Similar to how nested functions form a unique namespace within their enclosing functions (the enclosing namespace), there also exist special rules that apply for accessing nested values. These rules make up the enclosing scope (also known as nonlocal scope). Let’s take a look at a nested function to see the scope in action:
def outer_function(): enclosing_value = 'Enclosing Value' def nested_function(): nested_value = 'Nested Value' print(enclosing_value) nested_function() outer_function()
Our output would be:
Enclosing scope allows any value defined in an enclosing function to be accessed in nested functions below it. We can observe this scope since
nested_function() can access a variable defined one level above in the enclosing function (
We can also observe this scoping rule further if we nested a function one level deeper:
def outer_function(): enclosing_value = 'Enclosing Value' def nested_function(): nested_value = 'Nested Value' def second_nested(): print(enclosing_value) print(nested_value) second_nested() nested_function() outer_function()
Enclosing Value Nested Value
There are two caveats to be aware of with enclosing scope:
The flow of scope access only flows upwards. This means that the deepest level has access to every enclosing namespace above it, but not the other way around. For example, if we tried to access
nested_valuefrom one level above where it was defined:def outer_function(): enclosing_value = 'Enclosing Value' print(nested_value) def nested_function(): nested_value = 'Nested Value' nested_function() outer_function()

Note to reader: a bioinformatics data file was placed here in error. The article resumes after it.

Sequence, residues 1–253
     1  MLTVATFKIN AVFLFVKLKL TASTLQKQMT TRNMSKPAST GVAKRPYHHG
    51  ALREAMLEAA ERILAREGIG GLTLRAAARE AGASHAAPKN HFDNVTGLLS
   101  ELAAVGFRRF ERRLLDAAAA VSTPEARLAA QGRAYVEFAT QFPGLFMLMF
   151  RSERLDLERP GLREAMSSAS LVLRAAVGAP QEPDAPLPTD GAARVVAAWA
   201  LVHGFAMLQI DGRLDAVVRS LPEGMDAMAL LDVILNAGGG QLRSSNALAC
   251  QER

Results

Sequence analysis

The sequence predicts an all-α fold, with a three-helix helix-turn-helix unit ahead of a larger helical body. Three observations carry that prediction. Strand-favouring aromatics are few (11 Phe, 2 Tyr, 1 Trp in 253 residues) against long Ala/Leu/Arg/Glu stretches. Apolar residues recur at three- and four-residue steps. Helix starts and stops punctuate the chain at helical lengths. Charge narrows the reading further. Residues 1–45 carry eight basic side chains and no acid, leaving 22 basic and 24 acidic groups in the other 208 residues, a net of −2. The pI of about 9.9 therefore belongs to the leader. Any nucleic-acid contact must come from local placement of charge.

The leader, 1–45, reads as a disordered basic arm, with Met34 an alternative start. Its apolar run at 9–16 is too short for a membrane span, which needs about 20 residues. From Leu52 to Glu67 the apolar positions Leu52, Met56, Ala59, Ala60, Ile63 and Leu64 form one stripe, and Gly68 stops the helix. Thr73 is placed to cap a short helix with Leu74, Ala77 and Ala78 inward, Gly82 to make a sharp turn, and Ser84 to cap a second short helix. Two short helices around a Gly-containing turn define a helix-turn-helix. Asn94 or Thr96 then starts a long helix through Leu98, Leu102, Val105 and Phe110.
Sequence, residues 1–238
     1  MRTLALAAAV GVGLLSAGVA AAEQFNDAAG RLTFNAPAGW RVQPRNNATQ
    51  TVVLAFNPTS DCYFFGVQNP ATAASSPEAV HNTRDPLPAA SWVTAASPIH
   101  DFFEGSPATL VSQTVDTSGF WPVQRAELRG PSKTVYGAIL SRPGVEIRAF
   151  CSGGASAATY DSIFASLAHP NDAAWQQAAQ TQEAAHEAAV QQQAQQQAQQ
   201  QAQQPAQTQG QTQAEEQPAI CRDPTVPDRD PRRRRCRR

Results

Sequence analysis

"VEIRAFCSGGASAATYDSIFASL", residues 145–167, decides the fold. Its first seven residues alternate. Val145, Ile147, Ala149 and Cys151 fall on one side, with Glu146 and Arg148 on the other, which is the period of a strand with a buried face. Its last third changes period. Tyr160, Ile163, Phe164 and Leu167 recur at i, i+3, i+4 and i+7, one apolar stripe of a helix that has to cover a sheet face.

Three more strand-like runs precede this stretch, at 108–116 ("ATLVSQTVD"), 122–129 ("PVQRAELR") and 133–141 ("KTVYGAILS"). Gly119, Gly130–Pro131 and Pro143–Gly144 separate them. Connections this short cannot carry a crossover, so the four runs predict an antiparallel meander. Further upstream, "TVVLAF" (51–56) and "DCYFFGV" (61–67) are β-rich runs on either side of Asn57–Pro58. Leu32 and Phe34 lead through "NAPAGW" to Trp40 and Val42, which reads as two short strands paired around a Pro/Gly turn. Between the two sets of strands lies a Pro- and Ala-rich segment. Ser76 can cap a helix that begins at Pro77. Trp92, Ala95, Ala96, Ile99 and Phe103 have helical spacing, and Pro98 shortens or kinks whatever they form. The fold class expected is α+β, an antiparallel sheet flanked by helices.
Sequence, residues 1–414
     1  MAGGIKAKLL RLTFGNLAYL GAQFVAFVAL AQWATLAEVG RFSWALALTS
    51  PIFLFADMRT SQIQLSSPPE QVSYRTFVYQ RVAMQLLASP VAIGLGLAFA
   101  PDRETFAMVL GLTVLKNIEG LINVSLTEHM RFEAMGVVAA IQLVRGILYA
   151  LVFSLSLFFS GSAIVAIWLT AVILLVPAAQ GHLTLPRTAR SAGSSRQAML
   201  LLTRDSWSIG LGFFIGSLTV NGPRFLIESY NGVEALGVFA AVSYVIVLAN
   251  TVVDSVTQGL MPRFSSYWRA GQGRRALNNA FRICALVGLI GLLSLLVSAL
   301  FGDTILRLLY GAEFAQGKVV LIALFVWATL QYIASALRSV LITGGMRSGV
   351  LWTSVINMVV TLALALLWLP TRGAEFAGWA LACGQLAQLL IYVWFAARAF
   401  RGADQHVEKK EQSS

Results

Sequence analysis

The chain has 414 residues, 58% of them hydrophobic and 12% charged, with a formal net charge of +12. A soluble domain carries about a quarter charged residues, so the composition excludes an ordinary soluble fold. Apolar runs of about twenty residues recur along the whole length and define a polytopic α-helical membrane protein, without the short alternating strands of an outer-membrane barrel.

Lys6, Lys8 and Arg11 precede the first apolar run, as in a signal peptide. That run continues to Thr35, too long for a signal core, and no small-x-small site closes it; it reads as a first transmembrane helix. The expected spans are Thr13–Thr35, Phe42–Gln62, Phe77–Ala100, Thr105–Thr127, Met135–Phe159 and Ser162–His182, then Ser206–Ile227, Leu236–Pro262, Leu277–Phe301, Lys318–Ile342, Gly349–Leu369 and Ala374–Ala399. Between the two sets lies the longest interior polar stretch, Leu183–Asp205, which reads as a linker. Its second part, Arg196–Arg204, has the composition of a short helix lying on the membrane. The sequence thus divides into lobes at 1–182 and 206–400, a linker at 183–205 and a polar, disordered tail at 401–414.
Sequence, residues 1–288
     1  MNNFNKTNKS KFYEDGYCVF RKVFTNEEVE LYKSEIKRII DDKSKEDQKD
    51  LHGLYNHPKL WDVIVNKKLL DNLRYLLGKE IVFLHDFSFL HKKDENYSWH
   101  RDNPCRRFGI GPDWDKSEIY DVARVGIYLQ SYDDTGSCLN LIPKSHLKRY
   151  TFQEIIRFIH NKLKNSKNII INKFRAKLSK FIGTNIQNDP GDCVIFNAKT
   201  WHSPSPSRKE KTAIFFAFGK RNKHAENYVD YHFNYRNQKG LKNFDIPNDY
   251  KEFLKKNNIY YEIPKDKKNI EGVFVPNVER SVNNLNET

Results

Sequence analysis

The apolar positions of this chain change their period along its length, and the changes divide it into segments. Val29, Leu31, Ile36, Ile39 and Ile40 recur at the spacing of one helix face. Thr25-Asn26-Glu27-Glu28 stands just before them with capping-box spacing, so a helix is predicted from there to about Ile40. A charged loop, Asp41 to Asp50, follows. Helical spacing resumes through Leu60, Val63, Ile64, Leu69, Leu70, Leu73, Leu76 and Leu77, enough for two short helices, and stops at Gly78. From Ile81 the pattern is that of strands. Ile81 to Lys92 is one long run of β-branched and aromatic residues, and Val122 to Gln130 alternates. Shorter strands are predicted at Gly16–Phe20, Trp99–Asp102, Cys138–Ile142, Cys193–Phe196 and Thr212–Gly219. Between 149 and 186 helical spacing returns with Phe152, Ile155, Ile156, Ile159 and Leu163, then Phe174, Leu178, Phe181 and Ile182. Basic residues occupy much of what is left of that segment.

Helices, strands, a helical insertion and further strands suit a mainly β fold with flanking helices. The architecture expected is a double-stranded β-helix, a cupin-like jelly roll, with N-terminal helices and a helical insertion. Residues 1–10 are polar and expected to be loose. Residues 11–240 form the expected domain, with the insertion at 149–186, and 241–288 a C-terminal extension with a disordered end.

The program would produce an error:NameError: name 'nested_value' is not defined
Immutable objects, such as strings or numbers, can be accessed in nested functions, but cannot be modified. Let’s try to change
enclosing_valueto see this restriction in action:def outer_function(): enclosing_value = 'Enclosing Value' def nested_function(): enclosing_value += 'changed' nested_function() print(enclosing_value) outer_function()
UnboundLocalError: local variable 'enclosing_value' referenced before assignment
Let’s now practice accessing values in the enclosing scope!
A new addition to our painting application that we are building for Jiho will be a function that calculates the amount of paint needed to cover a surface.
Typically, a gallon of paint can cover about 400 square feet. Using that knowledge, we can use the width and height of a surface to determine how much paint is needed!
Throughout these exercises we will use nested functions to add more utility to the
calc_paint_amount() function. Remember, this now makes
calc_paint_amount() an enclosing function.
Run the code to move to the next exercise.
First inside of
- Define a nested function called
calc_gallons()that has no parameters.
Then inside of
calc_gallons(), use enclosing scope to access the variable
square_feet from the
- Return the result of
square_feetdivided by 400.
Finally, in the
calc_paint_amount() function, call the
calc_gallons() function and return the result.
Run the code and take a look at the result!